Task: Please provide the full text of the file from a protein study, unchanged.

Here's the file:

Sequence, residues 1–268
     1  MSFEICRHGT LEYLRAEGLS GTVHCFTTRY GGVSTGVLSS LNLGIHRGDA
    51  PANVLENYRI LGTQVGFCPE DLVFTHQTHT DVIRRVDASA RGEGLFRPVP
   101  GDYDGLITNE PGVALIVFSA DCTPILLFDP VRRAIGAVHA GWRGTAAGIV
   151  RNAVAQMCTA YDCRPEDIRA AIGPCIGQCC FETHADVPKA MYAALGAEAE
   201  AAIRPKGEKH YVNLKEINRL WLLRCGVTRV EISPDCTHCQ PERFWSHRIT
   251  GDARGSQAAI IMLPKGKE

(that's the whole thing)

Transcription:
Sequence, residues 1–268
     1  MSFEICRHGT LEYLRAEGLS GTVHCFTTRY GGVSTGVLSS LNLGIHRGDA
    51  PANVLENYRI LGTQVGFCPE DLVFTHQTHT DVIRRVDASA RGEGLFRPVP
   101  GDYDGLITNE PGVALIVFSA DCTPILLFDP VRRAIGAVHA GWRGTAAGIV
   151  RNAVAQMCTA YDCRPEDIRA AIGPCIGQCC FETHADVPKA MYAALGAEAE
   201  AAIRPKGEKH YVNLKEINRL WLLRCGVTRV EISPDCTHCQ PERFWSHRIT
   251  GDARGSQAAI IMLPKGKE